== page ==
The themes I see here are: the fading of romantic and selfish love in the presence of expanding consciousness; the fading of ambition, and the evolution of equanimity as awareness expands beyond the narrow confines of social convention and economic utility. In each of The End Of The Affair and The Woman At Otowi Crossing the spiritual growth or awakening of cosmic consciousness is experienced by a women, and the counter-pressures to that by the mechanistic and commercial facets of industrialized civilization are represented by male characters. The sexes are reversed for these roles in The Razor’s Edge, with Larry Darrell (a traumatized World War I pilot) experiencing the awakening, and Isabel Bradley, Larry’s clever and scheming ex-fiancé, as that novel’s major agent of conventionality.

Graham Greene portrayed the spiritual awakening of his fictional Sarah Miles as Catholic mysticism. Frank Waters’ portrayed the awakening of cosmic consciousness by his fictional Helen Chalmers as an intuitive arrival at Buddhistic nirvikalpa samadhi, as influenced by her immersion in the American Southwest with ancient Pueblo Indian mysticism permeating New Mexico. Graham Greene’s image of conventionality is of stodgy pre-war British society now evidently outmoded in the aftermath of World War II, while Frank Waters’ image of frantic and inhumanly reductionist American utilitarianism is given by the story of the development of the atomic bomb at Los Alamos.

W. Somerset Maugham has his fictional Larry Darrell achieve his samadhi in the mountains of Nepal, Siddhartha Gautama’s own country, and Maugham has Isabel personify all the pressures of conforming to the economic rat race in expectations of achieving the American Dream of social status with a lucrative job, and a popular family expansively housed in a tony neighborhood.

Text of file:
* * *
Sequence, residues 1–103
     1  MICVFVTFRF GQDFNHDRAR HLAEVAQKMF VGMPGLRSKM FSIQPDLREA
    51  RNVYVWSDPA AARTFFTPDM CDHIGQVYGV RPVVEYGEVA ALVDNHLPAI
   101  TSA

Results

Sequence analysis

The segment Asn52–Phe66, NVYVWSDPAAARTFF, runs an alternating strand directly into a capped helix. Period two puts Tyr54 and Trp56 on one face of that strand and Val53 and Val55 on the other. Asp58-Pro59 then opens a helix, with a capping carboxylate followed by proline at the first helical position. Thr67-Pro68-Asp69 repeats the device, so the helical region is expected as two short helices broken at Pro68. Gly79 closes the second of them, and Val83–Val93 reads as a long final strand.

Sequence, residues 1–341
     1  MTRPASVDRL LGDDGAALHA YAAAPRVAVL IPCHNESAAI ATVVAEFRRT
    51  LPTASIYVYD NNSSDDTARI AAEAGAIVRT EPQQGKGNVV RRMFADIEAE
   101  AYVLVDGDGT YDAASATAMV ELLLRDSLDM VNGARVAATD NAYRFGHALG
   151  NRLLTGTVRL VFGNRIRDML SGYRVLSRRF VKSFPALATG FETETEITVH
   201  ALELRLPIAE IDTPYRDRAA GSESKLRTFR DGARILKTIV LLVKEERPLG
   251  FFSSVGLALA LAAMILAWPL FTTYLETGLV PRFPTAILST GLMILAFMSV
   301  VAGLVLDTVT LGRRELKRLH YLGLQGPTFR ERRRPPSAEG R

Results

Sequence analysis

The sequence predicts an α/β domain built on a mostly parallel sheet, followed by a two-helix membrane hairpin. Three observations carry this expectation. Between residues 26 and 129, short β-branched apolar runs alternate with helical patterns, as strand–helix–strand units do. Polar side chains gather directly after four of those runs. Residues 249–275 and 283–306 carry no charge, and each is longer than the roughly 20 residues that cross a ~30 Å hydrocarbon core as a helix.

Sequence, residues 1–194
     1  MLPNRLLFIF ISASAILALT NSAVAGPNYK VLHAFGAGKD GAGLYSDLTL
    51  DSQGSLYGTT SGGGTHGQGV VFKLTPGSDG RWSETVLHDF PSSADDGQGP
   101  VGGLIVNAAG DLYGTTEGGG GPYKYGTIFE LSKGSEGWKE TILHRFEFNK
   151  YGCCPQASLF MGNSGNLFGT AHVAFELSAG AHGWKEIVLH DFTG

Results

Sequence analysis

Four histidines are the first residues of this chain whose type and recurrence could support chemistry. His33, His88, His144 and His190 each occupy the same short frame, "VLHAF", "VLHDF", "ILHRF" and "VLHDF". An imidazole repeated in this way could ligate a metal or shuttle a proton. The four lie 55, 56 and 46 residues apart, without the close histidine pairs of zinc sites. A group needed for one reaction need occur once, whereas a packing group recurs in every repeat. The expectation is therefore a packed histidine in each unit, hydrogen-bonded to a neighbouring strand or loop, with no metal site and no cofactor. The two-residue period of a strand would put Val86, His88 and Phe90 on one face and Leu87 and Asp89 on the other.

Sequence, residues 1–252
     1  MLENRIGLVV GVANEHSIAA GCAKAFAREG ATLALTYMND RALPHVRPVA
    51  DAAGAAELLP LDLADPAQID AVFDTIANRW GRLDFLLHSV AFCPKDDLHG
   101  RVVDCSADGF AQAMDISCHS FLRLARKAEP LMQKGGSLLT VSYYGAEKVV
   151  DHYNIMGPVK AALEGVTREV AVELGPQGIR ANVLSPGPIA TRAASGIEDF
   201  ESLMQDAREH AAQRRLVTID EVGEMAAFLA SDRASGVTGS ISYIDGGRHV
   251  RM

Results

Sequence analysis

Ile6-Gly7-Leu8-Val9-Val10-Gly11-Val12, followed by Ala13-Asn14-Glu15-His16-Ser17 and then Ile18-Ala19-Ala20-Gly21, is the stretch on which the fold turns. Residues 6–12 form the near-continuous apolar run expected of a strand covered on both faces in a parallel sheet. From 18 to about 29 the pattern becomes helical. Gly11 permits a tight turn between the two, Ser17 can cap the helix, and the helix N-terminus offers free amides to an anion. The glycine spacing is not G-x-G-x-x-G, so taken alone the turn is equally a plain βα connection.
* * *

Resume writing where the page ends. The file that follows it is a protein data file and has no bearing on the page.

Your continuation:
Jake Heggie’s opera The End Of The Affair appeared in 2004, and Stephen Paulus’ opera The Woman At Otowi Crossing appeared in 1995. I am not aware of any opera based on The Razor’s Edge. I like and recommend the 1946 movie of The Razor’s Edge, with Tyrone Power, Gene Tierney, Herbert Marshall and Anne Baxter. I have neither seen nor heard the Paulus opera mentioned, so I cannot comment on it. However, I think the Frank Waters’ novel is so good that it could easily support several operatic interpretations. After all, Puccini’s La bohème was the second opera version of Henri Murger’s fragmentary novel of 1851, Leoncavallo had already composed a La bohème opera before 1896.

I should think that The Razor’s Edge could easily support an extensive operatic interpretation. Perhaps the right combination of creative impulses and copyright-holder approvals will eventually occur for such an opera to appear.

I think that the theme of the melting of conventional attachments during the emergence of cosmic consciousness could inspire the composition of very deep and enrapturing music, and affecting theatrical presentation. Put together, this would be great opera.